Skilling me softly: Comparative research of the OECD-PIAAC “Survey of Adult Skills” influence on Lifelong Learning policymaking in Australia, Chile and Singapore

Thu 24 Oct 2019 10:00am

Venue

Social Sciences Annexe (31A)
Room: 
Room 103

Skilling me softly: Comparative research of the OECD-PIAAC “Survey of Adult Skills” influence on Lifelong Learning policymaking in Australia, Chile and Singapore

Abstract:

Since the late 1990s, the Organisation for Economic Co-operation and Development (OECD) has gained presence as a policy actor in the global governance of education, through a complex set of “soft power” mechanisms deployed mainly through a broad portfolio of International Large-Scale Assessments (ILSAs) (Lingard & Sellar, 2016; Martens & Jakobi, 2010; Morgan & Shahjahan, 2014).

As an expression of the OECD expansion, in 2008 this organisation started the implementation of one of their most ambitious projects: the Programme for the International Assessment of Adult Competencies (PIAAC) “Survey of Adult Skills”; an ILSA that defines, measures and compares key skills that the OECD considers all adults should master to be prepared for the challenges of the 21st century (OECD, 2016b).

After a decade, PIAAC has convinced 43 countries and jurisdictions to join the project. It is present in the 4th Sustainable Development Goal through the progress reports of all indicators referring to Adult Lifelong Learning and has increased its scope with several new sub-products. However, this ILSA has had limited media and research attention. Thus, PIAAC has been overshadowed by PISA magnetism that has attracted almost all the attention regarding OECD’s influence on school-level education policymaking, leaving in opacity other less traditional, less prestigious and less institutionalised policy settings such as Lifelong Learning. This inattention appears to be particularly critical in this policy field, given the increasing prioritising of economic goals over democracy and personal fulfilment, and the associated influence the OECD may have in this (Biesta, 2006; Rubenson, 2015).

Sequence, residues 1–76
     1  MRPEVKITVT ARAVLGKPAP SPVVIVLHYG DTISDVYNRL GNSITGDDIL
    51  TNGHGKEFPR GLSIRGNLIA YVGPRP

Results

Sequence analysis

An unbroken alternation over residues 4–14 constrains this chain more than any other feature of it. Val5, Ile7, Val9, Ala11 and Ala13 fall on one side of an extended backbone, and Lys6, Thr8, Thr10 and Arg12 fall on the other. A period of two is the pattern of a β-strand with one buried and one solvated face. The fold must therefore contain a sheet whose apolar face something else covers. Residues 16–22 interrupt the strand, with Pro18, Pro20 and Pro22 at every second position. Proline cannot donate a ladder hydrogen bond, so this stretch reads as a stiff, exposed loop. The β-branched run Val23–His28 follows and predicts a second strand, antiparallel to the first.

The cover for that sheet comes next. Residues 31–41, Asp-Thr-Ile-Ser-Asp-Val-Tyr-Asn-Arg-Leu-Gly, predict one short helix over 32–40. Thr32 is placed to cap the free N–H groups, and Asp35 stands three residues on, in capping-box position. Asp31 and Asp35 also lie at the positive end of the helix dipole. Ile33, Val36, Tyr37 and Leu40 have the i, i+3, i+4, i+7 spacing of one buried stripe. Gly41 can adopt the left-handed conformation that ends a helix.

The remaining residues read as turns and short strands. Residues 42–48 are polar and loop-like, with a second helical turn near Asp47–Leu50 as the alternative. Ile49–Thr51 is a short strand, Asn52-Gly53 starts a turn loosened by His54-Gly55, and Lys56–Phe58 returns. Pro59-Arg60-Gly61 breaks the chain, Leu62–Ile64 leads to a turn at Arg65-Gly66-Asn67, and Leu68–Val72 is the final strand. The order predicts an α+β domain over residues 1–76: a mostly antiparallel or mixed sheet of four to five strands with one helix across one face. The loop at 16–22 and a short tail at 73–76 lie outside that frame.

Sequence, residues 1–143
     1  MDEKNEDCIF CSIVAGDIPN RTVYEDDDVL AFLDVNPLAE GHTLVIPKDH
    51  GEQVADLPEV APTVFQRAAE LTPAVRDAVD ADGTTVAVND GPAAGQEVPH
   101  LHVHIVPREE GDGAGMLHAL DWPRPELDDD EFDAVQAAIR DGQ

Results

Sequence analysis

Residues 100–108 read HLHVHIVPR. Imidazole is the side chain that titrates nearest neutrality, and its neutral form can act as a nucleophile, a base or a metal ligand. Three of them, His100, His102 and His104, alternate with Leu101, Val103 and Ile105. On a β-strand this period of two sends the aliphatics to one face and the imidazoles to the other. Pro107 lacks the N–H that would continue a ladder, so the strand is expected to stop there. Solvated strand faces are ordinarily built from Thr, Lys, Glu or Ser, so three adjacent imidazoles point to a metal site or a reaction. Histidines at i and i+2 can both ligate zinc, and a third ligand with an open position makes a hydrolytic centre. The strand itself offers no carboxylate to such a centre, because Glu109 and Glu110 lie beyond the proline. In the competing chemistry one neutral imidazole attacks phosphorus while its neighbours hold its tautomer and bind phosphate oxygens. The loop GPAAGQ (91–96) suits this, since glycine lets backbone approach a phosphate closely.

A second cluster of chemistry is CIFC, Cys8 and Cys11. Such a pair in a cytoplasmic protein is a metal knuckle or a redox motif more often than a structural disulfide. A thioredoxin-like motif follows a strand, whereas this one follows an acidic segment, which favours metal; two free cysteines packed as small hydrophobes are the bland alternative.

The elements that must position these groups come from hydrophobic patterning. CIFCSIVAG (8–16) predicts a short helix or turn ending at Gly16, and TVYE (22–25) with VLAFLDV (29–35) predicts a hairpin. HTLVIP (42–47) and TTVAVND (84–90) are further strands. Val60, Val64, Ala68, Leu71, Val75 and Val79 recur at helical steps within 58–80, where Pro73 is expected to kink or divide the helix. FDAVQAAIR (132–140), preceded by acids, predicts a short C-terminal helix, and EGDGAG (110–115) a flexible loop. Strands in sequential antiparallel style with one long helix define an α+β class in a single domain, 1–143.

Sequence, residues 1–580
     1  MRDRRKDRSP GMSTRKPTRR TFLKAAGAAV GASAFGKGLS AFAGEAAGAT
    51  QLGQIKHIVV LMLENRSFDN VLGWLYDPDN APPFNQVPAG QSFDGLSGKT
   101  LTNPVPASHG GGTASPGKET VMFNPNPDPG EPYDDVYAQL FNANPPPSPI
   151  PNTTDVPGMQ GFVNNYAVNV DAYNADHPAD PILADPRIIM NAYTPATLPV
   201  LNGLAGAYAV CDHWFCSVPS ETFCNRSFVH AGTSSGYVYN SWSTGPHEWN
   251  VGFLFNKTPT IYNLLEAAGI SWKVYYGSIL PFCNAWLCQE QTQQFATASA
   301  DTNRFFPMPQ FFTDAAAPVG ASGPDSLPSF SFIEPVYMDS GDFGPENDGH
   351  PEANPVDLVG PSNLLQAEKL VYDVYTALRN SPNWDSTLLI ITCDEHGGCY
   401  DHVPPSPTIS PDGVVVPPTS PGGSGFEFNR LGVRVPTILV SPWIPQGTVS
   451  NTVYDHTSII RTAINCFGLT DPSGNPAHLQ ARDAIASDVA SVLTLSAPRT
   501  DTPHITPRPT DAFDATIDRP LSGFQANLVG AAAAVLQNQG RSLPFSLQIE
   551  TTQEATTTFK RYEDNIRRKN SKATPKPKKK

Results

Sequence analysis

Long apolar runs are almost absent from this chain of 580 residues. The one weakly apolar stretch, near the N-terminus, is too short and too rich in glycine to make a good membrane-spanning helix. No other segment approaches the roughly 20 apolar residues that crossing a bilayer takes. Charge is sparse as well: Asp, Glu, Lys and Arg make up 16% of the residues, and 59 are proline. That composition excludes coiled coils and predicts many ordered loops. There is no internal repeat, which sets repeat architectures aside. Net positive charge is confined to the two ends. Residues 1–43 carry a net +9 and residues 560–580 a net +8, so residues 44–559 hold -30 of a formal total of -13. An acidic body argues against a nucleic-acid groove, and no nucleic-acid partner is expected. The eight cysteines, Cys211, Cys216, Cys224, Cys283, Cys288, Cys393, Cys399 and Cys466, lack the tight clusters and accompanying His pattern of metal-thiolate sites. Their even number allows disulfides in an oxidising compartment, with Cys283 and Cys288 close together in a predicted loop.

Given that background, the proposed research aims to explore the influence of the OECD in the Lifelong Learning field through the examination of the policy ecology around PIAAC in different socio-cultural settings.

Comparative research will be implemented in Australia, Chile and Singapore, based on a critical approach and applying document analysis and interviews with actors involved and influenced by PIAAC, adding voices which have not been heard enough to date.

It is expected that the research expands the available knowledge regarding the OECD influence on education policymaking, considering scopes that have been scarcely explored such as the PIAAC project influence, and perspectives from and about a "Global South" context such as Chile. In turn, this research aims to promote pluralistic views in Lifelong Learning policies and the evidence that informs it.

Advisors: Dr Vicente Reyes (Principal), Dr Sue Creagh

Panel: Prof Brian Head, Em Prof Bob Lingard

All HDR candidates and advisors are welcome.